6.9/10
18,897
86 user 22 critic

School Ties (1992)

PG-13 | | Drama | 18 September 1992 (USA)
Set in the 1950s, a star-quarterback is given an opportunity to attend an elite preparatory school but must conceal the fact that he is Jewish.

Director:

Writers:

(story), (screenplay) | 1 more credit »
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Popularity
3,384 ( 158)

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From $2.99 (SD) on Amazon Video

ON DISC
3 nominations. See more awards »

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Cast

Cast overview, first billed only:
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Andrew Lowery ...
'Mack' McGivern
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Jack Connors
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Richard 'McGoo' Collins
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Sally Wheeler
Peter Donat ...
Headmaster Dr. Bartram
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Mr. Cleary
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Coach McDevitt
Michael Higgins ...
Mr. Gierasch
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Alan Greene
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Chaplain
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Storyline

David Green is brought into a prestigious 1950s school to help their football team to beat the school's old rivals. David, however, is from a working class background, so he isn't really "one of them", but he's very successful at making friends. David is a Jew, and has to keep this a secret from his friends for fear of being rejected. Written by Rob Hartill

Plot Summary | Plot Synopsis

Taglines:

Just Because You're Accepted Doesn't Mean You Belong.

Genres:

Drama

Motion Picture Rating (MPAA)

Rated PG-13 for language | See all certifications »

Parents Guide:

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Details

Country:

Language:

| |

Release Date:

18 September 1992 (USA)  »

Also Known As:

Broderskabets bånd  »

Box Office

Gross:

$14,715,067 (USA)
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Company Credits

Production Co:

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Technical Specs

Runtime:

Sound Mix:

Color:

(Technicolor)

Aspect Ratio:

1.85 : 1
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Did You Know?

Trivia

The gym scenes were shot at Worcester Academy prep school, Worcester, Massachusetts See more »

Goofs

After David's brawl in the alley, his face is bruised. This brown mark later fades and again darkens between shots of him walking through the preparatory school for the first time. See more »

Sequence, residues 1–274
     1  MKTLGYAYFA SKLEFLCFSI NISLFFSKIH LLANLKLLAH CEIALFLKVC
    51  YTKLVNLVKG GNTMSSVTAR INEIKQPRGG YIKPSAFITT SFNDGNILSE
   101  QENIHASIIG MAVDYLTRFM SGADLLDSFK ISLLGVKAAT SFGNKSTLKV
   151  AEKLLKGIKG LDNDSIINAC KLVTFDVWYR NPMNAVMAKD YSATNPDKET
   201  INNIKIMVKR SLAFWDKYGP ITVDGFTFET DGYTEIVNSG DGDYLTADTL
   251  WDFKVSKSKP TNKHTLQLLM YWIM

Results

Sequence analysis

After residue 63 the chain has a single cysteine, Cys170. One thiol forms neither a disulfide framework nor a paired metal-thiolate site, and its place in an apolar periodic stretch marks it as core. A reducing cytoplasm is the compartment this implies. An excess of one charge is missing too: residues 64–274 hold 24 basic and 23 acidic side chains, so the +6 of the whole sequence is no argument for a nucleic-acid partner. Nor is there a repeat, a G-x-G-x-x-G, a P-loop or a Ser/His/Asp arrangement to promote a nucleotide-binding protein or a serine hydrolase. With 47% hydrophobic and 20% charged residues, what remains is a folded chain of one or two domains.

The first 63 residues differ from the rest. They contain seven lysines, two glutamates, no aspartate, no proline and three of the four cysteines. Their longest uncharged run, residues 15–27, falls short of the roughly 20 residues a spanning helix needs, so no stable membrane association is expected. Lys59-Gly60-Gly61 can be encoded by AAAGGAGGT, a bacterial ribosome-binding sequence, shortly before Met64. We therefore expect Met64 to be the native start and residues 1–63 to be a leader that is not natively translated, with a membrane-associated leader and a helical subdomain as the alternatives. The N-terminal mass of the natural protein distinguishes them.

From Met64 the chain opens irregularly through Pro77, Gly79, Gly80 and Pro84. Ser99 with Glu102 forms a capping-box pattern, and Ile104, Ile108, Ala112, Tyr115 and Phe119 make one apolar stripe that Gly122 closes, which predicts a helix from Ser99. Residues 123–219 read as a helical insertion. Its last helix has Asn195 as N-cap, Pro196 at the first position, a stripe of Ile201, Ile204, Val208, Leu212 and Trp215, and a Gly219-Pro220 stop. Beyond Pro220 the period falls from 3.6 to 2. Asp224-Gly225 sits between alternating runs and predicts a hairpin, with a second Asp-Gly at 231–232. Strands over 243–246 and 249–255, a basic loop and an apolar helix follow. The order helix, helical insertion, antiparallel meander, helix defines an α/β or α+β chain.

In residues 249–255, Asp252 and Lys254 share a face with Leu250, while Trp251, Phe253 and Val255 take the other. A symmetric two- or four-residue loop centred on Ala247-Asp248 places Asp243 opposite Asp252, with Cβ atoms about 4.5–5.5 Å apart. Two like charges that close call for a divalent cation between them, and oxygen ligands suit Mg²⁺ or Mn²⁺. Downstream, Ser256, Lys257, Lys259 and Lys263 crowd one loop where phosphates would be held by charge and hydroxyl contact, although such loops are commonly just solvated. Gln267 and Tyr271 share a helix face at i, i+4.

Quotes

[first lines]
Joyce: Davey! Davey you're here.
[big hug]
Jack Connors: He's not going off to war, only Massachusetts, huh?
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Connections

Referenced in Jersey Girl (2004) See more »

Soundtracks

Let Me Go Lover
by Jenny Lou Carson, Kathleen G. Twomey, Fred Wise and Benjamin Weisman
Performed by Patti Page
Courtesy of Polygram Special Products
by arrangement with Polygram Group Distribution, Inc.
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User Reviews

How can we miss the import of casual "joking"?
12 January 2003 | by (San Francisco) – See all my reviews

I've read the first 30 comments about this movie. Not once did anyone comment on the reasons why Greene (Fraser) never mentioned his religion -- the casual "joking" and "common knowledge" comments heard in the bathroom. Is it any less a matter of prejudice to use the phrase "I jewed him down" than it would be to use the term "kike"? Is telling a derogatory joke about homosexuals any more offensive than calling us "fag"? This is the only movie I can think of right off-hand other than "The Laramie Project" that makes the point that casual speech can be used as a form of maintaining prejudice. For this reason alone, "School Ties" is an important film. As a survivor of a 1964 prep school much like the one in the movie, I can tell you that the scenes and attitudes are accurately presented. I found the characters to be a little one-sided, yes. It's rare to meet any person who is as totally focused and determined as the Greene presented here. Nor is any prejudiced person or group normally so totally open in expression as the "good old boys" we see in this production. But, that's the most impressive way to show the public just how bad it is to be bigoted or to be the target of bigotry. For the production and acting values I'd give this film 6 on a scale of 10. For the "pre-star" status performances of Fraser, O'Donell, Damon, and, yes, even Affleck, I'd give it a 7.5 on a scale of 10. For the message I'd give it 9.5 on that same scale. "School Ties" is a movie that can be enjoyed by anyone who sees it. For "star followers", it has a cool four New Idols in "pre-star" roles to add to their tape collections. For the activists in the world it is a stark and dramatic example of how prevalent unrecognised bigotry is in our society.


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